Tag Archives: remix

Reflecting on Becoming a Maker Educator

As I wrap up my work for CEP811, a course focused on the Maker Movement and adapting innovative technologies to education, I took time to reflect on all of the different projects I have worked on over the past seven weeks.

I realized that each project was a piece of a larger #MakerEd puzzle. The thread of making runs through them all and by engaging in each one of them (e.g., remixing, playful exploration, creating lesson plans and assessments, etc), educators can begin to own and embody the mindsets associated with the Maker Movement. Stepping back to look at each project, I reorganized them in a cycle that I think could help educators begin to dip their toes into making and become more comfortable with it before integrating it into their teaching and later their classroom (design) and everyday practice. Although I organized the cycle to be completed as an ongoing, step-by-step process, educators could jump in at any point. Just start with the projects or activities that you are most comfortable with before continuing to the next “piece of the puzzle.”

Designing the Maker Educator Cycle (see below) allowed me to see how the projects I created over the past seven weeks and the readings I have explored, have truly led me deeper down the Maker Movement path. I had an opportunity to more deeply infuse maker projects in my curriculum and explicitly explore making in the classroom in a way that is meaningful and supports students (and teachers) in developing maker mindsets. I think these experiences, particularly designing a unit plan and a maker assessment, reminded me how vital it is to explore how teachers are makers and designers in our daily practice. To really improve and innovate, we have to continually be making (e.g., lessons, assessments, remixes, etc) educational content as well as maker projects (e.g, a robot maze, an LED student response system, etc). I am excited to continue this work as a maker educator and iterate the lesson plans, assessments, and projects I designed to make them even better. If you are an educator using making in your classroom or if you are trying to help an educator start exploring the Maker Movement, I hope the Maker Educator Cycle is helpful and I welcome any feedback on its design.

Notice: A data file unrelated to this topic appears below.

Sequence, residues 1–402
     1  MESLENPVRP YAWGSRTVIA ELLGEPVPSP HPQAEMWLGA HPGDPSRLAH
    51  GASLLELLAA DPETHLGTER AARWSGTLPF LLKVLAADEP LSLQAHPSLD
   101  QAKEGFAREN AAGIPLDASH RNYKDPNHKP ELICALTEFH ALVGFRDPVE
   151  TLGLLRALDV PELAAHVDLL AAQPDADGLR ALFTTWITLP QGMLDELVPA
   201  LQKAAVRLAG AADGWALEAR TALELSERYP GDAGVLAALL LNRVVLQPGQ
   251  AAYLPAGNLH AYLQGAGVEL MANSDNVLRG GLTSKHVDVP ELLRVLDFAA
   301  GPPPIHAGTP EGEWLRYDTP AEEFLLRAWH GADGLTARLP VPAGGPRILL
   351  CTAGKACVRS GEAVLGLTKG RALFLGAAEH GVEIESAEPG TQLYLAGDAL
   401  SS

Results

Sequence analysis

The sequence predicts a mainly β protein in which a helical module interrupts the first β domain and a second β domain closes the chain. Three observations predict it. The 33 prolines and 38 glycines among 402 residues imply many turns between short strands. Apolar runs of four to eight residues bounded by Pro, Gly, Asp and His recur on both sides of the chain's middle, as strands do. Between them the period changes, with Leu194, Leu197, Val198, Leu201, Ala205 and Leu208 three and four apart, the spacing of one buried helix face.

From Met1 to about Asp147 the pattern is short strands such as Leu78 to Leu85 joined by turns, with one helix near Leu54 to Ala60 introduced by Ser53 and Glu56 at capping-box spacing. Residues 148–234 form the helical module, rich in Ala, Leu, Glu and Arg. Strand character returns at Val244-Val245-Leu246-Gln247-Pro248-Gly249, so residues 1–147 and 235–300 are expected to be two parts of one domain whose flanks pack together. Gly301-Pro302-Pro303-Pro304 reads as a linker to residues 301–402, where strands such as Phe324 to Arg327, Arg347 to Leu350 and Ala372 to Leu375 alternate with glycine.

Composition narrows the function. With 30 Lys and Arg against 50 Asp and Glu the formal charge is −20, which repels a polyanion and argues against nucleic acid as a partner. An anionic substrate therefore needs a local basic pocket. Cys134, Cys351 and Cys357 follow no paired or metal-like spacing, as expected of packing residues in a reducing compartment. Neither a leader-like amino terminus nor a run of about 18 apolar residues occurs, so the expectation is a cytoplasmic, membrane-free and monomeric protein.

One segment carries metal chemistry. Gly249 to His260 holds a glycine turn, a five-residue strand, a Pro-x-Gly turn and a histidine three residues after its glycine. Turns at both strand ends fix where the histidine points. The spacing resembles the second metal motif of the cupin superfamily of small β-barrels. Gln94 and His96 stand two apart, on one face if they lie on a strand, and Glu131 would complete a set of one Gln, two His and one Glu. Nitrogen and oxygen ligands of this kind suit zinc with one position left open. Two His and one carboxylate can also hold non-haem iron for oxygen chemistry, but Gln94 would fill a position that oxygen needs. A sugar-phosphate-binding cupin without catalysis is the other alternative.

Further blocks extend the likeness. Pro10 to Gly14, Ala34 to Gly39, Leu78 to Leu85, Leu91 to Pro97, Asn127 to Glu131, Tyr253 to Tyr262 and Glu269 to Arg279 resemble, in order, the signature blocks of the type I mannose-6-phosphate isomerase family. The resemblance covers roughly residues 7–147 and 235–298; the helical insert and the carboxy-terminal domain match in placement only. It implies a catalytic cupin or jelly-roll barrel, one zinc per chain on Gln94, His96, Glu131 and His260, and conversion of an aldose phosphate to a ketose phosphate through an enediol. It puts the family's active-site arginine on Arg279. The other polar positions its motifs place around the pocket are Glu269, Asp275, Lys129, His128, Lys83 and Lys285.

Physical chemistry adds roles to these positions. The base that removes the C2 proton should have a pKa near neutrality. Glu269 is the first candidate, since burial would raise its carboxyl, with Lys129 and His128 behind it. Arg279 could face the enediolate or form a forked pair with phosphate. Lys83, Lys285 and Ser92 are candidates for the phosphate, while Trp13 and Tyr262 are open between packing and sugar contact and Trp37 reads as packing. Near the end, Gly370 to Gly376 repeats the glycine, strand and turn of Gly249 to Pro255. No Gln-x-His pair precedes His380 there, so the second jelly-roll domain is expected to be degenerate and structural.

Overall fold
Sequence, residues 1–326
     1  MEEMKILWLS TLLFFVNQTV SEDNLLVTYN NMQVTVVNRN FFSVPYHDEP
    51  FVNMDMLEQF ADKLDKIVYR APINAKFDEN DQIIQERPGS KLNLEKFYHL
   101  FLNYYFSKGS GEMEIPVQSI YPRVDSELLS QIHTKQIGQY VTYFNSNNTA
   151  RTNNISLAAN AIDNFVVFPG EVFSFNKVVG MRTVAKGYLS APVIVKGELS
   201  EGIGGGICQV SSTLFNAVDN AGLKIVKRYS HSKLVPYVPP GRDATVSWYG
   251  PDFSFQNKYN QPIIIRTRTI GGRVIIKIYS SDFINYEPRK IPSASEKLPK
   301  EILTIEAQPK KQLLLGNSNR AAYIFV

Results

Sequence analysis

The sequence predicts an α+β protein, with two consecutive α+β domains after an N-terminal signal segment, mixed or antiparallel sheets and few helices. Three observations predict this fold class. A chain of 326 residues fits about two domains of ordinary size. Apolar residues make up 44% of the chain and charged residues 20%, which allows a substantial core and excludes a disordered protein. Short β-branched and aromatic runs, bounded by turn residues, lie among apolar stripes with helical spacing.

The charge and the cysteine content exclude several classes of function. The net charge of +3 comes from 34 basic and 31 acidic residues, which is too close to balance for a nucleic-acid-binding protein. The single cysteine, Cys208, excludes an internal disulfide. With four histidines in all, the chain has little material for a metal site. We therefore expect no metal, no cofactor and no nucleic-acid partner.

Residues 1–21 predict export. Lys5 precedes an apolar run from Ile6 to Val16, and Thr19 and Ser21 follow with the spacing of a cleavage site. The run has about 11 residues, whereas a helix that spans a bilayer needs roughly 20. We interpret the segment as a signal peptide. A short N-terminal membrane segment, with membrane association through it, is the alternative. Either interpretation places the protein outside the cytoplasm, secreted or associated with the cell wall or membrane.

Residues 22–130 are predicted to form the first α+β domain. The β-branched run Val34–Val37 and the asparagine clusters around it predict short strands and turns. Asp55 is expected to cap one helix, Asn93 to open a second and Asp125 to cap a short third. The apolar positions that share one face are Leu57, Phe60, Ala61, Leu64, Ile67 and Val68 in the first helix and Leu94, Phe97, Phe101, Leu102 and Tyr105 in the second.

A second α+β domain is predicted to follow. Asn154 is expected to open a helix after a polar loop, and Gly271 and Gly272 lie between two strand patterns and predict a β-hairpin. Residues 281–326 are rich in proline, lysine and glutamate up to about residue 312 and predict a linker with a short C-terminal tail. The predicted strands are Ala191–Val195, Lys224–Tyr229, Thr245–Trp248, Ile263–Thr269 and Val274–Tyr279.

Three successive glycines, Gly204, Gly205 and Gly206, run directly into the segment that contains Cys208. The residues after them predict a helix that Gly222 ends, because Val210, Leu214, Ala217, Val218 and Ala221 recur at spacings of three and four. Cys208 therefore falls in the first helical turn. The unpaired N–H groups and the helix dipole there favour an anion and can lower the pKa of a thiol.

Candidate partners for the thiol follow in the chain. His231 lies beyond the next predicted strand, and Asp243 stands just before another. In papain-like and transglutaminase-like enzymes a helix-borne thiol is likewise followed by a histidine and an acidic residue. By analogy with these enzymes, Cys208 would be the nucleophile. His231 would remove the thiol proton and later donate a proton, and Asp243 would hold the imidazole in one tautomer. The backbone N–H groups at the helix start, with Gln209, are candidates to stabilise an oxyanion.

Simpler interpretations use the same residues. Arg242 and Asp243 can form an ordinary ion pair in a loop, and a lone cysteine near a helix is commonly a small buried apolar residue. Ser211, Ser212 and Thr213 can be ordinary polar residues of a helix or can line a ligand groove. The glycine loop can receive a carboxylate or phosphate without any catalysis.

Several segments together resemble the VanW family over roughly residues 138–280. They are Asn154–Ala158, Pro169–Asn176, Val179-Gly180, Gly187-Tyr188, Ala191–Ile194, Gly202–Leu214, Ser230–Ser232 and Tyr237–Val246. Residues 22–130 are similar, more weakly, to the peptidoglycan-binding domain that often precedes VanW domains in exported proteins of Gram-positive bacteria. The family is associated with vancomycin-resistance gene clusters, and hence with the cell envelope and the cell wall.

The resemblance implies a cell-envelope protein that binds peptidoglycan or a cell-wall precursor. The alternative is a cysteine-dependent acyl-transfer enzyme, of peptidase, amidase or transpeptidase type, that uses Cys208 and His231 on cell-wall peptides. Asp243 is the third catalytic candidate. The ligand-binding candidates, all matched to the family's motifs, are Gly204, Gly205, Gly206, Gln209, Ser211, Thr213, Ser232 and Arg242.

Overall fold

The Maker Educator Cycle (click to see links)

Creative Commons Attributions

Learn icon-o1 by MCruz is licensed under CC BY-SA 3.0 (Personalized Learning)

Paper Blank Pencil by ClkerFreeVectorImages is licensed under Public Domain CC0 (Design Lessons)

Pictogram Resolved by AzaToth is licensed under Public Domain CC0 (Create Assessments)

Remix is a Creative Commons Trademark icon (Remix)

Toolbox by ClkerFreeVectorImages is licensed under Public Domain CC0 (Toolbox)

Two Point Perspective Room by maburaho26 is licensed under CC BY-ND 3.0 (Redesign your Environment)

Wikimedia Deutschland icon explore by Cornelius Kibelka is licensed under CC BY-SA 3.0 DE (Playful Experimentation)

Avatar created at: http://www.reasonablyclever.com/mini/flash/minifig.swf

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Remixing Media as a Reflection on the Maker Movement

Remix

Remix by Bill Benzon licensed under CC BY SA 2.0

This past week I had a chance to start Adapting Innovative Technologies in Education, a new course for my Graduate Certificate in Ed Tech.

I spent the week learning more about remixing and reflecting on its intersections and implications for the maker movement. After watching Everything is a Remix, a series of four videos (soon to be updated!) about how prevalent remixing is in our culture today, I was surprised to discover how many roadblocks exist to sharing and ultimately, learning.